As a Marshall major, I didn’t know where to turn. There are endless resources for investment banking and consulting, but when it comes to commercial real estate you’re out of luck. I felt like there was an invisible wall between me and the real estate community on campus. That was until I joined TREA.
I vividly remember the first TREA event I ever attended, it was the first speaker panel of the year and it was all about brokerage. I walked into RGL 101 wearing pants, flip-flops, and a t-shirt. To my surprise, everyone else was donning button-downs and blazers. Horrified, I decided to make a b-line straight for the exit. But just as I stood up to leave, a girl named Shirelle introduced herself to me. She asked what grade I was in and why I was interested in real estate, boiler-plate stuff. When I asked her what she did, she told me she was the TREA president. I was shocked. Taken aback by Shirelle’s friendliness, I decided to stay for the panel. For the next hour I was bombarded by real estate lingo as foreign to my ears as Mandarin. Argus? Capital stacks? It was all new to me. Yet, despite the unfamiliarity, I was hooked. From then on I went to every TREA meeting I possibly could, constantly learning new things and meeting new people.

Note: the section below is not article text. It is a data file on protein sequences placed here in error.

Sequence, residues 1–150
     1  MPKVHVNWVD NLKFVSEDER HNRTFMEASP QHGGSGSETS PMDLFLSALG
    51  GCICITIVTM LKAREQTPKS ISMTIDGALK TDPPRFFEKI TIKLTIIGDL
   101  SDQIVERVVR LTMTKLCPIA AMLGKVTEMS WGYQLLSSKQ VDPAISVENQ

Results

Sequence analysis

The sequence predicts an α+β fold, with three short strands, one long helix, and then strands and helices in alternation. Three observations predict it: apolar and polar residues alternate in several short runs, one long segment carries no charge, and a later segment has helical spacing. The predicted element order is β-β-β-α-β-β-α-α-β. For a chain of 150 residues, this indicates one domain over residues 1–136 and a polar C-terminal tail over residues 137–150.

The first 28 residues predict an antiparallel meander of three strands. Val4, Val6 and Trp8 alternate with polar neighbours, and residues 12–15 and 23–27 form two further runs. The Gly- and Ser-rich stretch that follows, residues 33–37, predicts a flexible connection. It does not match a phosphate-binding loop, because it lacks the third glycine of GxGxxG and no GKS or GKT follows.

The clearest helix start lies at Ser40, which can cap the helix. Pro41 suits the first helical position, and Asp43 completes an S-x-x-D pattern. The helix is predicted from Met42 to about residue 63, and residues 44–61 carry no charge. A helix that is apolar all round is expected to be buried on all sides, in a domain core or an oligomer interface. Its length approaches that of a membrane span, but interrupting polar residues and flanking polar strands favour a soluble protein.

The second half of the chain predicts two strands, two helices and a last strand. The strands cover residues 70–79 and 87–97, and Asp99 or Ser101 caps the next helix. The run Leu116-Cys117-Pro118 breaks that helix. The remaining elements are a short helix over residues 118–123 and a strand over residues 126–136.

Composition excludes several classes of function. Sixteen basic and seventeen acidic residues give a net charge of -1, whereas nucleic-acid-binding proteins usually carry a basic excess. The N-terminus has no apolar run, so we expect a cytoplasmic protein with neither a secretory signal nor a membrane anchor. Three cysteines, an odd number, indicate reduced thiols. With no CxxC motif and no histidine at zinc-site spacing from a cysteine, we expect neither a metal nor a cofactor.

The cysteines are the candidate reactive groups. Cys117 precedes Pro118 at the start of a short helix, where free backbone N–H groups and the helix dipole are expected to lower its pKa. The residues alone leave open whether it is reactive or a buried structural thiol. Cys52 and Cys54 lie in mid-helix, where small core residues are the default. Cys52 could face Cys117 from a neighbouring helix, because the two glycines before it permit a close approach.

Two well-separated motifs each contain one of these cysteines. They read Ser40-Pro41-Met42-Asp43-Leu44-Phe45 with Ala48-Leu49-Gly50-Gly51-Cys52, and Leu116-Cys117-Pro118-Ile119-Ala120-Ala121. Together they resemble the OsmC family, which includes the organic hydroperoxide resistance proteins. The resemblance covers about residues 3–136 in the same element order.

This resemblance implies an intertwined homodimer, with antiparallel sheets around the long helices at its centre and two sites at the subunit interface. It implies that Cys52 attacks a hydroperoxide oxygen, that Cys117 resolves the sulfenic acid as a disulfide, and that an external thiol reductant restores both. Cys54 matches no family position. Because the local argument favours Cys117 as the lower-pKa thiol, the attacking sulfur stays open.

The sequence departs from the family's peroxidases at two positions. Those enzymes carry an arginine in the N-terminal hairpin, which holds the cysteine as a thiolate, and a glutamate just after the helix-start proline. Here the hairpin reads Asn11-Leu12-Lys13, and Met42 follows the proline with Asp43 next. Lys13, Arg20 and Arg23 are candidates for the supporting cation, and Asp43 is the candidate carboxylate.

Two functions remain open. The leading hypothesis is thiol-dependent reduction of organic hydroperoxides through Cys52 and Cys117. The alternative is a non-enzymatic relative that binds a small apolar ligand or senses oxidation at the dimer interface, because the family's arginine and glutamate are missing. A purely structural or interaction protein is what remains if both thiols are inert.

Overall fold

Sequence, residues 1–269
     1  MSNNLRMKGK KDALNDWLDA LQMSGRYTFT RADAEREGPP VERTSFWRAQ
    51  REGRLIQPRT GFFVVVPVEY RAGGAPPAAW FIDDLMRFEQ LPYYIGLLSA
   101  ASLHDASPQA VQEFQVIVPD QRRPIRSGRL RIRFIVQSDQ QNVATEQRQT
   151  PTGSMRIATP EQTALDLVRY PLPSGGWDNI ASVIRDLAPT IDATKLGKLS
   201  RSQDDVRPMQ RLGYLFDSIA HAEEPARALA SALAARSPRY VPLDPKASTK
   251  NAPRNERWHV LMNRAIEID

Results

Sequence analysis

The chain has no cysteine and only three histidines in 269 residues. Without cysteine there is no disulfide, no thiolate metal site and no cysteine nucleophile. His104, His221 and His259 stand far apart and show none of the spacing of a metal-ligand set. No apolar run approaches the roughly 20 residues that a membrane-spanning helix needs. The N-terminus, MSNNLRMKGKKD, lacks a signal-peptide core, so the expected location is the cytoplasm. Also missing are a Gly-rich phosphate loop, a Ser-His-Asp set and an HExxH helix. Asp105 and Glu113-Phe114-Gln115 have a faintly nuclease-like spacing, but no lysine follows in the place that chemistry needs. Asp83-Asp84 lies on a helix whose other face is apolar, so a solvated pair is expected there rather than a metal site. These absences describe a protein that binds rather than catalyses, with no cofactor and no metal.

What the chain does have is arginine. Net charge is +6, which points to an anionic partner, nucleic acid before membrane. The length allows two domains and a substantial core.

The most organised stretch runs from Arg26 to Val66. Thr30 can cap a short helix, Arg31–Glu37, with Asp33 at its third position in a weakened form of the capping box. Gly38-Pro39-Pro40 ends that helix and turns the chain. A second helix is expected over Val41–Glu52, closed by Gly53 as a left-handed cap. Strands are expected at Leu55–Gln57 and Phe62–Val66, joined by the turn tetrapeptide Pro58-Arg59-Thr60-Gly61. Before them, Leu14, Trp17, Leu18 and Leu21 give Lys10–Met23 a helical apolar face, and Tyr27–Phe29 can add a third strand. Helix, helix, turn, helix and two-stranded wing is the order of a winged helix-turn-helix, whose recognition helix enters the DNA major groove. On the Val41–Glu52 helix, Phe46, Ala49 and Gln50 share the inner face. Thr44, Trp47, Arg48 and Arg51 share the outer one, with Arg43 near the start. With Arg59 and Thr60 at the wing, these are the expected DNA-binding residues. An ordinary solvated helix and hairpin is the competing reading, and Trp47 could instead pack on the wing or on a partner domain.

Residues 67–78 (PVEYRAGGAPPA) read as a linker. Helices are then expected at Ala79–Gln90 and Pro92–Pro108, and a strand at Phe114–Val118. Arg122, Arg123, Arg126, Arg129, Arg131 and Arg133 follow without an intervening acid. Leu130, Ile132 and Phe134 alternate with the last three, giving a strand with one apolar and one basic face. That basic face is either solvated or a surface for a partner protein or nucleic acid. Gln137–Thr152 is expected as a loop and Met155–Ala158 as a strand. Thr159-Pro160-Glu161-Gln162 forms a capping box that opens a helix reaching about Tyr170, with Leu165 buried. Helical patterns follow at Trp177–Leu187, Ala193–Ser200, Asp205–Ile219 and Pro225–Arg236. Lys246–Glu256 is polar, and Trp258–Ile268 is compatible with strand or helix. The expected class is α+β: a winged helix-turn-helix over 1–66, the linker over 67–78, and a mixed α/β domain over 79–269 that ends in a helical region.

At a school like USC, it is hard to not feel disconnected in some ways. There are so many different microcosms, and the real estate development program is one of them. It seems like one out of every three kids has a dad who is the CEO of a major brokerage firm. Freshmen, Seniors, professors, and even the RED alumni all appear to know each other. As an outsider, that level of camaraderie is incredibly enticing, yet also very intimidating. Breaking through may feel impossible, but it is not. For those reading this who are interested in real estate but don’t know where to turn, here is my advice… Never stop trying to learn. Join TREA, take an RED class, talk to your friend’s parents in the industry. Although it may not seem like it, people in real estate are extremely friendly. Everyone wants to be a resource, not a roadblock. Your curiosity will take you where you need to go, and it will pay dividends towards your future.
By: Dylan Strode